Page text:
Then it was time to prepare the ribbon loops to create the lacing details to adjust the size. I first cut all 16 pieces of ribbon needed. Then I started assembling the bodice, keeping the seams with the loops in mind. Before doing up these seams, I marked the placing of the loops on the bodice piece and then sewed them down about half a centimeter away from the raw edge. Then I sewed the seam with a centimeter of seam allowance. That way the stitchlines from sewing the loops down first were not visible and they also did not move while sewing the seam.
I did this with all four seams and finished the outer shell of the bodice by ironing all seams open and ironing the loops down a bit. Here you see the embroidery in the front. I also embellished it with beads. Except for the big green one, they are all from Swarovski.
And here is a look at the loops for the lace up detail of the casual Disney dress:
After that, I assembled the lining, ironed all seams open and started to work on the boning channels. Since I wanted the bodice to close by lacing it up in the center back, I needed two bones on each side to prevent creasing in the fabric and support the eyelits. I also decided to use a bone in the center front for the same reason. The bones should not be visible from the outside, so I sewed the channels onto the lining using twill tape:
I pinned the tape to the places I had marked before and then sewed around as close to the edges as possible, leaving the channel open at the top. I inserted plastic boning and then closed the channels.
After that, it was time to assemble the top layer and the lining. I did this by machine and closed all sides except for the arm openings since I still had to set the sleeves and also wanted to use the lining there to finish the raw edges of the sleeves.
The bodice was turned to the right side, I pressed all the sides and then started adding the trim to the bottom. Normally I would understitch, but since the edges of the bodice would all be covered by either the collar or the trim, I skipped this step here.
After finishing sewing down the trim by hand, I marked all the eyelits, punched the wholes and finished them by hand using embroidery thread. In total, there are 18 eyelits, 9 on each side.
As you may have noticed, I have no pictures of installing the sleeves/collar as well as the making of the skirt. I cut out the two pieces from cotton and then ironed them in half to make the cuffs. After that, I added the trim and then ironed the interfacing onto the other side. I cut the piece of interfacing a bit smaller to have less bulk in the seams. I sewed the cuffs onto the sleeves by machine, finished them by hand on the inside and then sewed the sleeves together using french seams. They were set by hand and then I used the rest of the lining to finish the raw edges.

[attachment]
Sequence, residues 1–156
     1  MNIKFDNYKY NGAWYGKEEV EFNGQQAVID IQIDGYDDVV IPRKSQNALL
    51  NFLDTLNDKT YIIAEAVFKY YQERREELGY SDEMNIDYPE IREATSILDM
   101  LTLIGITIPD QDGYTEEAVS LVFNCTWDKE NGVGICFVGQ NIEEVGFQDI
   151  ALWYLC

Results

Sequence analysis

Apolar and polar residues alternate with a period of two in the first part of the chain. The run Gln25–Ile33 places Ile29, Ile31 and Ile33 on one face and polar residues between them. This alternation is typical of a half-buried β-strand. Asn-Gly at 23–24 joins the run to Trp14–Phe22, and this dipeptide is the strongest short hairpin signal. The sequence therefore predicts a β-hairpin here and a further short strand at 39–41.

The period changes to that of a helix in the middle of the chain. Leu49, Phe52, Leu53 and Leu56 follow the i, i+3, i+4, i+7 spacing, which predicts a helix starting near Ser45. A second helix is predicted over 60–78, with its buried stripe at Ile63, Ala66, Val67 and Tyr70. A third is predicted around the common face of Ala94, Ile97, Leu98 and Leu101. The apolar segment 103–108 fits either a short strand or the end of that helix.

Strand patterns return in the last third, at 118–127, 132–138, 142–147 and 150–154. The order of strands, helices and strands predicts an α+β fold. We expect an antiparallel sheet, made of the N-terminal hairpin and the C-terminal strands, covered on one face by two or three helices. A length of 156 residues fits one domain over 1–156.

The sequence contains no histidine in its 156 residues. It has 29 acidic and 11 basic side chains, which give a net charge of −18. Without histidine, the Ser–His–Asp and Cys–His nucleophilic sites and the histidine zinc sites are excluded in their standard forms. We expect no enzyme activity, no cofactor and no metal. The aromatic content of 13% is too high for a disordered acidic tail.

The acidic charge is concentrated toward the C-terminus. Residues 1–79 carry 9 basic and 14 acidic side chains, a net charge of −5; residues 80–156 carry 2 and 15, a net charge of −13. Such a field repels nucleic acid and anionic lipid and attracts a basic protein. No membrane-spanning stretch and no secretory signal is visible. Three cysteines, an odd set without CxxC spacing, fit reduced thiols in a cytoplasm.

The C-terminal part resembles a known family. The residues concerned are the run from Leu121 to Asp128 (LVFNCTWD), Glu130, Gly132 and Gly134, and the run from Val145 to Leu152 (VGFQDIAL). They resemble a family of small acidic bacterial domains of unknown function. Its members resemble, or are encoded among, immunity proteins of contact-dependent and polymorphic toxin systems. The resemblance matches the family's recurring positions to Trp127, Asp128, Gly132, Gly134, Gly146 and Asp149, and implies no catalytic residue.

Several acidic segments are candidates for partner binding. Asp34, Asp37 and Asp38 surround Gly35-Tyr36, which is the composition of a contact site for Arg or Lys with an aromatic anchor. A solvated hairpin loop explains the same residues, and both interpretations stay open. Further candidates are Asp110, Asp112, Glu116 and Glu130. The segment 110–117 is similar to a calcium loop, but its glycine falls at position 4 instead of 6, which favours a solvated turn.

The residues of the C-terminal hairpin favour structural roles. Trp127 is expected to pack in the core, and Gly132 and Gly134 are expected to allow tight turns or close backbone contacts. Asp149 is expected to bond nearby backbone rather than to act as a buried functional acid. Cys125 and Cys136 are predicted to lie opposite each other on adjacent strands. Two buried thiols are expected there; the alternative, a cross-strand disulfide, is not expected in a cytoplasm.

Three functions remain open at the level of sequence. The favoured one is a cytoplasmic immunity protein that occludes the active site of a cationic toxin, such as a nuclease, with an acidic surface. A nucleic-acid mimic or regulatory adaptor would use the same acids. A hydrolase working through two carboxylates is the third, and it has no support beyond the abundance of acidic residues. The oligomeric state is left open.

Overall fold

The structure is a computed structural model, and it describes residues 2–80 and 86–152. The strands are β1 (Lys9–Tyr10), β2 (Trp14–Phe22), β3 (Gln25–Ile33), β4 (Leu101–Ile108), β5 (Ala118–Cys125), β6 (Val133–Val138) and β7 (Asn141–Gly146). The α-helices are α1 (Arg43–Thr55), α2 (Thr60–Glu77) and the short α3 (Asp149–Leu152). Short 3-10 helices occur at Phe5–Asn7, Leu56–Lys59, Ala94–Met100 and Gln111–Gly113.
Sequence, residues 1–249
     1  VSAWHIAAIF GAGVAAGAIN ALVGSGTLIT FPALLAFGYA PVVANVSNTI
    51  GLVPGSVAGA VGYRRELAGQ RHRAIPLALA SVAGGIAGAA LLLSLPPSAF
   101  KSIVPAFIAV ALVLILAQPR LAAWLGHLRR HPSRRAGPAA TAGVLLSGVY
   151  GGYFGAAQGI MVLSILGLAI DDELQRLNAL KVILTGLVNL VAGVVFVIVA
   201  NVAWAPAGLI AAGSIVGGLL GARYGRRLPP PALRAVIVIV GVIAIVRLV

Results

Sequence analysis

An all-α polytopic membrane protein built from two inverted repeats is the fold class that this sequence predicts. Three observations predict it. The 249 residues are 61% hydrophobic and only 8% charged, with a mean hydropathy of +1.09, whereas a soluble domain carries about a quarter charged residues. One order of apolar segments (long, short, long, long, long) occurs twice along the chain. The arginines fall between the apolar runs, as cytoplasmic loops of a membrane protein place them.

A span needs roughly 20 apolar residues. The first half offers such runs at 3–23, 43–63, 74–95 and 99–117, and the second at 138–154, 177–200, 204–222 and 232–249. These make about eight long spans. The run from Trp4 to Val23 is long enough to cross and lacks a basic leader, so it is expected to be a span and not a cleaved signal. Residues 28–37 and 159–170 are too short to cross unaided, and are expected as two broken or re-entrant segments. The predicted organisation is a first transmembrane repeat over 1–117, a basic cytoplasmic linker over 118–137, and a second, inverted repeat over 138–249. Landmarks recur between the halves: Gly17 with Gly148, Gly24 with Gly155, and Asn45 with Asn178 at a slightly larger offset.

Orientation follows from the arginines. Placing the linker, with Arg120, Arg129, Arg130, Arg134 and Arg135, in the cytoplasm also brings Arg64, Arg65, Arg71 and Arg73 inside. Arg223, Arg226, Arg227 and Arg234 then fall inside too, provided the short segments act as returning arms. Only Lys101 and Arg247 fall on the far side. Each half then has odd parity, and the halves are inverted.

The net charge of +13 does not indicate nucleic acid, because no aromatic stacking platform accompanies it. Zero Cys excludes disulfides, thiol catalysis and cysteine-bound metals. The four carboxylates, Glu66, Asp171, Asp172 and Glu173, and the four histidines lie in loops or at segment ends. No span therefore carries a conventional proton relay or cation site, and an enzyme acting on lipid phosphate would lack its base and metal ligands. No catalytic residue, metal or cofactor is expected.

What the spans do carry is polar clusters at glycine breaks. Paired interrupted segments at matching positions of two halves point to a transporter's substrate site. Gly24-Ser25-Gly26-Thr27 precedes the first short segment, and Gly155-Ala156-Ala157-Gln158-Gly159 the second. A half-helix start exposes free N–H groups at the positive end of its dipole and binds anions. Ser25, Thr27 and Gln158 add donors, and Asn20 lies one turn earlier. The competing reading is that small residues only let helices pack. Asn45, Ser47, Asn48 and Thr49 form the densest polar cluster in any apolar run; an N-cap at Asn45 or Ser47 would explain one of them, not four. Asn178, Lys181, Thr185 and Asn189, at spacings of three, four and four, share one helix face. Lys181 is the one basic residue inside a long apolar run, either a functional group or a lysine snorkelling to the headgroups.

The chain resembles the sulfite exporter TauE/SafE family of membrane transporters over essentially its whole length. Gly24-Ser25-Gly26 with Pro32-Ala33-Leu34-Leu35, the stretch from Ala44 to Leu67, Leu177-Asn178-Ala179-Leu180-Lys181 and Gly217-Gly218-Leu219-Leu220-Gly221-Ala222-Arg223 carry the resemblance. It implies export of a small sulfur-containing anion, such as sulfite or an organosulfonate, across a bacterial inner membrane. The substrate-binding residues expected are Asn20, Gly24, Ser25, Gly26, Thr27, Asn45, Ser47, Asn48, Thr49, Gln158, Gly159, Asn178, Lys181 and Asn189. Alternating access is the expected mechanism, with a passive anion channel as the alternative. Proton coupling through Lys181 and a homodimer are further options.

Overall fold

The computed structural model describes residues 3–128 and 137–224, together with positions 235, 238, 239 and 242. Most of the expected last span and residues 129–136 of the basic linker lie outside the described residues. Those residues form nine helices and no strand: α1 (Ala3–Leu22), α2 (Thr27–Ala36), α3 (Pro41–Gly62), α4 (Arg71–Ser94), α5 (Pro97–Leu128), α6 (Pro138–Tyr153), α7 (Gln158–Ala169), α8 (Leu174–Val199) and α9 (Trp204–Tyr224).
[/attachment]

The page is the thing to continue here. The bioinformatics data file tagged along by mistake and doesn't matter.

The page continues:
The collar is a tube, sewn together with french seams and than I arranged around the neckline until I liked it and pinned it. I stitched it down in the front, at the shoulders and in the back to keep it’s movement and volume. I also gathered it at these points and after sewing it on, I decorated the gathers with beads.
The skirt is a simple rectangle skirt with a waistband that closes with a zipper in the back (that I tried to install as nicely as possible by hand…) It is fully lined as well. First I cut out the two rectangles, cutting the lining a bit shorter than the upper layer. Then I hemmed both pieces and gathered them. I sewed them together on the gathered side using basting stitches.
Then I cut out the waistband and attached it by machine on one side, the other side was not attached yet. Then I sewed the back seams up using french seams. I did each layer individually to a certain point that was measured with the zipper. So the lining is not attached to the upper layer. I hope this makes at least a little bit of sense…
Then I sewed the zipper to the upper layer and used the lining to finish it. The last step was to finish sewing on the waistband. It did not work out 100% and looks funny on the inside, but the outside is ok 🙂 And after that, the ensemble was finished!
Here is one picture of the skirt and the bodice as well as some detail shots of the bodice and skirt. Credit for the detail shots of the finished garment goes to my friend, I did not take many detail shots myself and only one very bad picture of the entire ensemble.
And here it is, my casual Disney dress inspired by Jasmine’s lilac dress in “Aladdin”: